Psoriasis Treatment

  • Treatment

    Moisturize your skin often. Keeping your skin moist helps reduce inflammation and itching, and allows the skin to remain flexible. Regular application is the key to optimizing the benefits of moisturizer. Using moisturizer and then covering the skin with an air-tight wrapper can aid penetration, and helps concentrate the moisturizer. This method can be helpful in moisturizing particularly stubborn lesions.

    Soak in a bath to soothe the skin. Adding such products as tar solutions, Epsom salts, Dead Sea salts, and oatmeal to a bath can help remove scales and reduce itching.

    Do not pick at the scales, as doing so may cause psoriasis to spread.

    Your doctor is the best source of information on the drug treatment choices available to you.

    For moderate-to-severe psoriasis, you may be prescribed phototherapy, which involves exposing the skin to ultraviolet B light (UVB). Ultraviolet light therapy is administered in a dermatologist’s office, a psoriasis center, or a hospital. For phototherapy to be effective, most patients need three to five treatments per week for one to two months. After that, a maintenance schedule of one or two treatments per week may prolong remission. Through a prescription, patients can purchase a home UV light unit. However, a physician must monitor the process to avoid the serious side effects that can result from overexposure.

    In cases of moderate-to-severe or disabling psoriasis for which all other treatments have failed, a patient may be prescribed psoralen and ultraviolet light A (PUVA) therapy. Although PUVA therapy is often able to clear psoriasis dramatically, its side effects--premature skin aging and increased risk for skin cancer—are serious. In PUVA therapy, the drug psoralen is taken orally or applied topically to make the skin more sensitive and responsive to UVA light. The risk for side effects of PUVA therapy, which include premature wrinkling and increased potential for skin cancer, is associated with such factors as the patient’s skin type, the number of treatments, and the total dose of UVA light administered to the skin.

    Combination therapy and rotational therapy (which is used for severe psoriasis) help to reduce the risk for side effects. Combination therapy can also achieve results more quickly than therapy with just one treatment agent. For rotational therapy, one therapy is used for 1 to 3 years, and then another is used, and this process is repeated.

    If you are taking methotrexate on a long-term basis, a liver biopsy may be necessary to monitor for liver damage. People who use methotrexate should be monitored for side effects (including liver damage) with blood tests and liver biopsies.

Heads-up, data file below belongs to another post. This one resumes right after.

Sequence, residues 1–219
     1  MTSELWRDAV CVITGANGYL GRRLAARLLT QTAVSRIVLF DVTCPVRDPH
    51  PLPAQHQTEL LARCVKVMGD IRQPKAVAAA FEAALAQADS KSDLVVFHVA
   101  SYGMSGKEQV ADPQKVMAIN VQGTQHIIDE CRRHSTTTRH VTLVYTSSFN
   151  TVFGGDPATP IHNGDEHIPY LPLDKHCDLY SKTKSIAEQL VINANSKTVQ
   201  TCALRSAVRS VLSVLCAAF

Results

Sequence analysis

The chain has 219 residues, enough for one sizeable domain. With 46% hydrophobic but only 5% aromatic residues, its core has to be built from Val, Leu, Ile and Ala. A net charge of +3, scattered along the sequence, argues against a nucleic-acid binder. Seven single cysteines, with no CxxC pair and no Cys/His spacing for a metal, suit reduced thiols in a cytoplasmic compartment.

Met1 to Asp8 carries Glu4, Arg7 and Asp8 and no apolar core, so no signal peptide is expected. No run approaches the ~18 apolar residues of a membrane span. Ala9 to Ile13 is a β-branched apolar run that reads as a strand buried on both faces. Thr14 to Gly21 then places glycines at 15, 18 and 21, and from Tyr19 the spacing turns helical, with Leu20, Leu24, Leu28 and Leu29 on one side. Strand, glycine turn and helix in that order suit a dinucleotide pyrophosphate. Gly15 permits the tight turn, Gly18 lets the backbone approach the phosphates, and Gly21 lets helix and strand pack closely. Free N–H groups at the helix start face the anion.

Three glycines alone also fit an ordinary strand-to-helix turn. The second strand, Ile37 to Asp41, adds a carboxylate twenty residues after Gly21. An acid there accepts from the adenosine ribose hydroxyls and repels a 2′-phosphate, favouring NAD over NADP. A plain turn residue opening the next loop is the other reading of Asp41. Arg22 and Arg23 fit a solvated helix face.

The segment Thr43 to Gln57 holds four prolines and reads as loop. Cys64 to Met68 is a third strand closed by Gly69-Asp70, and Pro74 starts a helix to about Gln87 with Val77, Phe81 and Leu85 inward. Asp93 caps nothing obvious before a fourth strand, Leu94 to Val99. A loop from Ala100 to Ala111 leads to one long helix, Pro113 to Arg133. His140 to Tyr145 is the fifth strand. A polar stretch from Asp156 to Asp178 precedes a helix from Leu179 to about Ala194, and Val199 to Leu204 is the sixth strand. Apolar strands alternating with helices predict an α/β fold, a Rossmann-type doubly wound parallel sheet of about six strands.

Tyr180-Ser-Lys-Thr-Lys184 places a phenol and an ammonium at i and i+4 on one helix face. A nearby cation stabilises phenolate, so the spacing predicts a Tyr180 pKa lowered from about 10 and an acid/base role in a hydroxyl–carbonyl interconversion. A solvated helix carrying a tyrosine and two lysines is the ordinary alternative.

If you have psoriasis, climatotherapy may be a useful alternative therapy. Climatotherapy involves exposing the diseased skin to sunlight, often combined with bathing in salt water. This method is effective for 80% of people who receive regular doses of sunlight. Climatotherapy sites exist all over the world, including the Dead Sea in Israel where thousands of people with skin conditions such as psoriasis travel for the sun exposure and baths in the unique water.

    If you have psoriasis that is aggravated by stress, meditation may be helpful. Because stress may trigger or worsen psoriasis, stress-reduction strategies that promote relaxation may be beneficial. Some studies show that patients for whom relaxation therapy is combined with drug or phototherapy improve more quickly than others.

    Avoid using methotrexate if you are pregnant or are part of a couple trying to conceive. Methotrexate is an oral medication that is effective in treating many forms of psoriasis. However, significant side effects are associated with its use.

    Avoid using oral retinoids if you are pregnant or are a woman who is trying to conceive. Retinoids are generally safe for long-term use, but they can cause birth defects. Women who use retinoids must wait for a period of time before it is safe to try to become pregnant.

    In most cases, psoriasis may respond to topical or oral treatment and/or phototherapy. Although there is no cure for psoriasis, it can be greatly improved through effective treatment, which provides relief from the pain, itching, and burning, and clears skin lesions.

    The length of time for psoriasis treatment to take effect can vary from patient to patient. In some patients, it may take 2 to 12 weeks for affected areas to return to a normal thickness; the redness may remain for months.

    Psoriasis may interfere with quality of life. Psoriasis can cause impairment of daily functions and psychological distress, and may disrupt social relationships.

    Contact your physician if your psoriasis does not resolve within the specified period of treatment. When psoriasis does not respond to one therapy, a combination of treatments may be the solution. Combination therapy may promote a quicker response and reduce side effects. If psoriasis seems to become resistant to medication, the physician must reassess the regimen.

    Report any drug side effects or complications to your physician promptly. Psoriasis therapies do have side effects that can range from mild skin irritation to liver and kidney damage and high blood pressure. By informing your physician of any side effects, he or she may be able to reverse or minimize them by adjusting medication doses, adding another medication, or rotating to another therapy.

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